Palestinians head to the polls on 25 January in an election that many observers predict will see a significant show of strength for Hamas.
Hamas has been responsible for the murders of hundreds of Israeli civilians since the early 1990s and is officially classified as a terrorist organization by the US and EU. Indeed, the US has threatened to cut off funding for the Palestinian Authority should it become dominated by Hamas.
If Hamas candidate Mariam Farhat's comments to The Times of London are any indication, it appears as if the bullet and the ballot box are mutually compatible concepts for the terror organization:
The mother regards her candidacy for the Palestinian Legislative Council as a logical extension of the armed struggle she encouraged her sons to die for. She denies that Hamas's decision to join mainstream Palestinian political life contradicts its military goals.
"The jihadist project completes the political one and the political project cannot be completed without jihad," she says. "The resistance needs the political project to support it through the legislative council."
Despite this, some media outlets have softened their approach towards Hamas, emphasizing the organization's apparent new "pragmatism" towards Israel. The Guardian contends that:
Hamas has dropped its call for the destruction of Israel from its manifesto for the Palestinian parliamentary election in a fortnight, a move that brings the group closer to the mainstream Palestinian position of building a state within the boundaries of the occupied territories.
In similar vein, the Sunday Telegraph also speculates that:
though Hamas retains much of its spine-chilling rhetoric towards Israel and remains committed to regaining lost Palestinian land by force, a new pragmatism is entering its outlook.
While Hamas may very well be politically expedient with its aims in order to garner more votes, the simple fact remains that the organization retains its weapons and its desire to destroy Israel, as clearly stated in its Charter, replete with vicious anti-Semitism, which remains in force to this day. Some examples of this text, which rejects any moves towards peace and incites against Jews, include:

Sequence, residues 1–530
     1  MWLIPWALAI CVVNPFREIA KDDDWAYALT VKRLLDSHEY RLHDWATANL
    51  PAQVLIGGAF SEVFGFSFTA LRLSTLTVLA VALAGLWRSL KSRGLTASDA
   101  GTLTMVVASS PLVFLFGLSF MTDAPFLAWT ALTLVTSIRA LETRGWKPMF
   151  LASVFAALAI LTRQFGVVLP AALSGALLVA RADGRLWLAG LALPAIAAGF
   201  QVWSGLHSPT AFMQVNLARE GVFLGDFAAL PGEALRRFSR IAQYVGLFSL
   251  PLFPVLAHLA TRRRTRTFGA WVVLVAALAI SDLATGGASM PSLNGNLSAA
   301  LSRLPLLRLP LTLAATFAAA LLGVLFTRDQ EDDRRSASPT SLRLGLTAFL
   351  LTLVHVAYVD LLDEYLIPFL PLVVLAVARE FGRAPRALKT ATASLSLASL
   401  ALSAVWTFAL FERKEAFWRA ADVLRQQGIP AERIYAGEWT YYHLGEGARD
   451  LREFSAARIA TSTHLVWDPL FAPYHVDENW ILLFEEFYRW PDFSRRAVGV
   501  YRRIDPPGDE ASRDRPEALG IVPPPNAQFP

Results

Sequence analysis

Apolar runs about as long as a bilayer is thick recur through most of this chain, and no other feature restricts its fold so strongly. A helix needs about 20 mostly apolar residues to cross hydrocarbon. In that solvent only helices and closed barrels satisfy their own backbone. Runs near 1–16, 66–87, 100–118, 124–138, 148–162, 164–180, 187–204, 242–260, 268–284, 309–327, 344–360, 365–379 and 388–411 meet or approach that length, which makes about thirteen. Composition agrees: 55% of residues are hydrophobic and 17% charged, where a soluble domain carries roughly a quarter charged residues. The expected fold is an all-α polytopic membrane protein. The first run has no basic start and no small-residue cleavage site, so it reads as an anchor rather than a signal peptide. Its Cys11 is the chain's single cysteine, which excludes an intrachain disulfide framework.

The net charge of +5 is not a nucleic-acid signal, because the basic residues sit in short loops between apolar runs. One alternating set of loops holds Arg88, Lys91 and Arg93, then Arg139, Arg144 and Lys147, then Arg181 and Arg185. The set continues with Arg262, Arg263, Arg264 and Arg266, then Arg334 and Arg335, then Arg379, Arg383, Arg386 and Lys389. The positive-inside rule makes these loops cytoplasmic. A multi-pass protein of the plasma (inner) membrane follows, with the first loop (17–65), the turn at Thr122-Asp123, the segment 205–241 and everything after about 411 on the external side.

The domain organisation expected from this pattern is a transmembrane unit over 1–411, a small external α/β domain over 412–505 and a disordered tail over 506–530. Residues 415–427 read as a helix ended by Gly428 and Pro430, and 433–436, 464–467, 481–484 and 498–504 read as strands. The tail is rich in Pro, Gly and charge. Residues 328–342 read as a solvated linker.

... Israel will rise and will remain erect until Islam eliminates it...
Peace initiatives, so-called peaceful solutions, and the international conferences to resolve the Palestinian problem, are contrary to the beliefs of the Islamic Resistance Movement.
Their [the Zionists'] scheme has been laid out in the Protocols of the Elders of Zion...
This is only a small sample of a text that includes claims that the Jews control vast wealth and the media, engineer revolutions and run "spying organizations" as well as promoting moral corruption and drugs.
Despite the active participation of a terror organization dedicated to its destruction, Israel has allowed the Palestinian elections to go ahead, stating:
the participation in the elections of terrorist organizations, including Hamas, which calls for the destruction of Israel, fundamentally impairs the legitimacy of the elections and contravenes the interim agreement, as it also does accepted international criteria regarding the participation in elections of parties that support violence and terrorism.
HonestReporting hopes that in the lead up to the Palestinian elections, the media does not bestow upon Hamas a level of political and democratic legitimacy undeserving of such a terror group. Readers are encouraged to respond to any such examples that may appear.
PALESTINIAN MELTDOWN - NEW YORK TIMES BLAMES ISRAEL
Meanwhile, as chaos reigns in the Gaza Strip, Palestinian gunmen jockey for position and an election threatens to bring Hamas to power, the New York Times finds the obvious target to blame - Israel:
Any elected government stands or falls on its ability to deliver security and jobs, and the authority was left unable to provide either. When Mr. Abbas came to power and said the things Mr. Arafat could never bring himself to say about Palestinian violence's being counterproductive, Israel gave him only marginal support. Israel is right to press Mr. Abbas to follow up his words with deeds, and to do more to crack down on terror, starting with his own Fatah movement. But Israelis also need to recognize that he is not politically or militarily strong enough at this time to achieve victory.
When even the EU is withholding funding to the PA, citing a lack of budgetary discipline, isn't it about time that the New York Times recognizes that Israel is not responsible for every failing within the PA or its leadership?
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